Roller Shades, Visual Comfort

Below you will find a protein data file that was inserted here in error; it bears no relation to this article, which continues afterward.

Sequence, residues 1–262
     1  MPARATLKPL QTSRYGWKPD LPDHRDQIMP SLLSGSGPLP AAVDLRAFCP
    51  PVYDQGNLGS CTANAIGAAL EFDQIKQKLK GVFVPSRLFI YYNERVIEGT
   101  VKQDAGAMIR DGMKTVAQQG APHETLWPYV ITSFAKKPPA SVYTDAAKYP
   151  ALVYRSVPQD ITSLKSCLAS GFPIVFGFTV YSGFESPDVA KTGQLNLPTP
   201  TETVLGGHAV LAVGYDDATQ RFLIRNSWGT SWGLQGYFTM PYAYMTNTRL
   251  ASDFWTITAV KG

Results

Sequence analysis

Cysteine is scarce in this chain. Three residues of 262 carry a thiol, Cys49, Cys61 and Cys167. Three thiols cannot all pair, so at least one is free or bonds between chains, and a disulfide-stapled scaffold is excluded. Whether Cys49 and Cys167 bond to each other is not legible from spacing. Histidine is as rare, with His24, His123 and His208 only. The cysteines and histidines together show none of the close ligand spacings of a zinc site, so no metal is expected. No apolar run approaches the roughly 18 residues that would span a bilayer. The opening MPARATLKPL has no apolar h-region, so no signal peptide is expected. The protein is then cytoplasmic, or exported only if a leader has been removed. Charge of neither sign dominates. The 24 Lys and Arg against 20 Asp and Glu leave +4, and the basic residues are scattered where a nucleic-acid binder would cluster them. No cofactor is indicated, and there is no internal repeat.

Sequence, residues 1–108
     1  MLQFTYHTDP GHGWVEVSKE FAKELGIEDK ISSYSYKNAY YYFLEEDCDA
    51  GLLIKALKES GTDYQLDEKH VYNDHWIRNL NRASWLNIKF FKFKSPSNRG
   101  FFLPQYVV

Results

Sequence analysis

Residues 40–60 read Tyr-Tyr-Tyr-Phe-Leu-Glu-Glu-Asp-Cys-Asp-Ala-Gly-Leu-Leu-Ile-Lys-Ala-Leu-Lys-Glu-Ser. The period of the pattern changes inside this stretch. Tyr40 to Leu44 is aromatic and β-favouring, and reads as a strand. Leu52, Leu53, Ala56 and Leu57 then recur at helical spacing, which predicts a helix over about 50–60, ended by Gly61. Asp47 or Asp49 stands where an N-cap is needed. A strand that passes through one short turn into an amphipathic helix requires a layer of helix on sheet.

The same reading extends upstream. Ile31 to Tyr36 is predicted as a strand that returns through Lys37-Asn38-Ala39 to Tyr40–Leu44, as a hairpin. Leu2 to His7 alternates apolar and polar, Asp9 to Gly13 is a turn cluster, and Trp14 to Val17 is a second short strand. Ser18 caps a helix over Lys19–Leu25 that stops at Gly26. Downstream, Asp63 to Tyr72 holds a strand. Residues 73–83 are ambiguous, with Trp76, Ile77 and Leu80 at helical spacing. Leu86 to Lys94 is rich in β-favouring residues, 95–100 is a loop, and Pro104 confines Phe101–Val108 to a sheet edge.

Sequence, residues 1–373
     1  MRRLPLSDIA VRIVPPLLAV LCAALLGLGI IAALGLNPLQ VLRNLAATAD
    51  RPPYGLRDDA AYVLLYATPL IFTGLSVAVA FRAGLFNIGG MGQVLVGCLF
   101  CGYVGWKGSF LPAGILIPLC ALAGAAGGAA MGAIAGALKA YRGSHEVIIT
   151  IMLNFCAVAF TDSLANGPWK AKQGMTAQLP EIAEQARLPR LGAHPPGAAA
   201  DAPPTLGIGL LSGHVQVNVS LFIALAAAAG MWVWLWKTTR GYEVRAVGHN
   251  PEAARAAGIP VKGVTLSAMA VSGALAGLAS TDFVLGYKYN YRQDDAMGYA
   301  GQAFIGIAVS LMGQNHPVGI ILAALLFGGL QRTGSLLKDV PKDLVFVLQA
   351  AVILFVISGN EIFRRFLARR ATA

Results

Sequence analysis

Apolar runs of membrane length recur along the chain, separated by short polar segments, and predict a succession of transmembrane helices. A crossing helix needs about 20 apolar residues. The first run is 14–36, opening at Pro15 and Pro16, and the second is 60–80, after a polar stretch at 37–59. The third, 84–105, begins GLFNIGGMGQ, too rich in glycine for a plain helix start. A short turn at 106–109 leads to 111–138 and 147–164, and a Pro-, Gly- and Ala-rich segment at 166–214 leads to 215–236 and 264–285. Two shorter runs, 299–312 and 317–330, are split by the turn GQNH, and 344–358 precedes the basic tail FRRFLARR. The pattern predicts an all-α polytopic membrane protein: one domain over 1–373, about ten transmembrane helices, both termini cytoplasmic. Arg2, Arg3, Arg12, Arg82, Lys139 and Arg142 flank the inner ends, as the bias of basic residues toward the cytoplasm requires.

High performance commercial facades rely on fenestration systems in order to control glare and solar heat gains. Recent efforts have concentrated on developing efficient automated shading controls, linked with lighting and HVAC controls. One of the challenges is how to balance the need for daylight versus reducing overall energy use while ensuring comfort for the occupants seated near windows. This requires detailed knowledge of the solar optical properties of fenestration, which affect the transmission of solar gains and daylight. Currently, there is adequate information, databases and predictive tools for direct and diffuse transmission (and reflection) through glazing, using angular properties. However, there is less information on shading systems. Existing models for Venetian blinds, that have been studied extensively, provide information for light transmission and reflection as a function of surface characteristics and blind tilt angle. Advanced experimental and computational methods such as bi-directional distribution functions, have been used for detailed characterization of complex fenestration systems. Nevertheless, there are very limited studies on the solar-optical properties of roller shades, which are installed in most new commercial buildings. In most existing studies and simulation tools, the properties of roller shades are assumed constant and diffuse, ignoring direct-direct transmittance and angular properties. The only available semi-empirical model on this topic (Kotey et al., 2009) showed that roller shades properties may have strong direct components and angular variation, depending on the openness factor and the fabric color. These can affect the energy and daylight performance of roller shades, as well as their impact on glare. This paper first provides an overview of current approaches for modeling solar optical properties of roller shades, including advantages and limitations. Then, integrating sphere measurements were conducted to determine the detailed solar optical properties of different roller shade products. The results are compared to previous findings and will be used to provide useful information about direct-direct, direct-diffuse and angular properties of roller shades, depending on openness factor and color. The differences between measured and modeled properties are identified and discussed. Finally, the impact of detailed solar optical properties on energy use, daylight performance and glare is evaluated using annual simulation results for different fabrics, orientations and climatic locations (Miami and Philadelphia). The results of this study are particularly useful for a more realistic evaluation of the impact of shading on energy use and visual comfort.